I kept falling asleep at the desk. Outlining a hookless movie has to be the worst thing in the world for someone awake at 4 a.m.

So, worn out from all this story-breaking and not having written in longer than I wanted to admit to anyone, I went off to Sicily. And danged if my second-to-last day there, I didn't get myself a hook. And I don't mean a hook in the "what a great concept to explore" sense, but in the "This is so good I need to check to make sure it hasn't already been done" sense. (Note: this is my big, biased ego talking).

Come home, back to work. First night: outlining.


I kicked that outline's ass.

Second night: writing.
Third night: writing.
Fourth night: lack of sleep, but still some writing.
Fifth night: hella writing (40 pages, baby)
Sixth night: insane work problems and distractions galore. No writing.
Seventh night: Fade to Black. Draft complete.

I think I calculated around 27 hours of writing to produce 129 pages. Not once in all those hours or pages did I get bored. Not once did I wish I was doing something else (okay, maybe sleeping). It was a thrill from start to finish.

Because I had a hook.

New screenwriting lesson: Don't write a hookless movie. Not just because you won't sell it. Because it's not nearly as much fun.

Next week: a new hook, a new outline, a new script. Rewrites on the most recent draft await the perusal of my fellow scribes. Get on that, y'all. Don't leave me hanging.

Monday, June 12, 2006

I'm the Juggernaut of Page Counts, Bitch.

I was going to continue my argument with this post by Greg, but I went away before I could get there, and I don't care enough anymore. So we're done with that.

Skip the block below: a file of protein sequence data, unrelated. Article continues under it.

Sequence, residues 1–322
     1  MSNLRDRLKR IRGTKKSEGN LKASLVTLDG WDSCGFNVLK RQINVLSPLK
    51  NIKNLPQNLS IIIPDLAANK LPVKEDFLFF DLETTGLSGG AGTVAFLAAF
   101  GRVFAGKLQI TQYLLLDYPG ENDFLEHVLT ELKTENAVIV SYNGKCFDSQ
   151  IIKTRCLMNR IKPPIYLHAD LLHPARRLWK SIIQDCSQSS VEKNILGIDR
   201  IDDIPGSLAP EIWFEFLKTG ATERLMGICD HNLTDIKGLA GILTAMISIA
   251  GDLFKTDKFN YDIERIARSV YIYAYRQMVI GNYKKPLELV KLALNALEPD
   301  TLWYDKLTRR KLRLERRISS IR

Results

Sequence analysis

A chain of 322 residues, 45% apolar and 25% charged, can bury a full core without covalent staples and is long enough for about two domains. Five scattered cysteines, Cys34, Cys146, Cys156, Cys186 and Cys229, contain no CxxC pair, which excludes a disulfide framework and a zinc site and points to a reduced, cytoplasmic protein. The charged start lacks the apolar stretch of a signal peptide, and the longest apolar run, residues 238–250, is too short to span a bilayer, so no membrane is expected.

More exciting (to me) is what's currently going on in the English-speaking world of screenwriting, the 14 Day Screenwriting Contest. This is a contest against one's self, so don't get excited that you might win something. In any case, it's too late to start unless you're even more of a speed demon writer than I am right now.

I got back to the states a little late for the contest (June 6 as opposed to June 3), but I went for it anyway, because while I was away I came up with my most kick-ass idea ever for a story. When I got home, I spent one night at work (I love my job) outlining, and the next night commenced to pound out the first draft. I've now spent three nights of work time writing this script, and the page count is (ya ready?) 90 frickin' pages.

Now, 90 pages is actually pretty close to what I thought the final page count would be. However, I am not terribly far past the midpoint at the moment, and still going strong, so one of the flaws that will be fixed in subsequent drafts is definitely going to be long-winded-ness. But I still feel quite confident that in the remaining three nights of work I have left before the 14 days end I can finish this rough. I'm not saying it will be good. But fixing a sucky thing is about a million times easier than creating a new thing.

One of the other things I have a feeling will be wrong with this script, although I won't be able to verify this until others read it, is that it just won't be that funny. This is my first time trying to write a rom-com, so I've got that working against me. But beyond that, I just keep forgetting that it's supposed to be funny. I get focused on the story, banging out scenes, and every couple hours think to myself, "Am I being funny?" We'll find out.

The other thing holding me back from the funny is that since I didn't have tons of planning time, I didn't so much map out characters beforehand. I think a lot of the essence of comedy is based on good characters, and I don't have 'em. Much of the comedy in this script can be situational, but much of it should still be character-driven. So there's already plenty of work to do in the second draft.

I'll let you guys know how it goes, and I'll probably ask a couple of you to read, if you promise not to do that thing you did with my last script, you bunch of slackers.

I need Greg to come back so I can brag on myself. My writer's ego needs some stroking.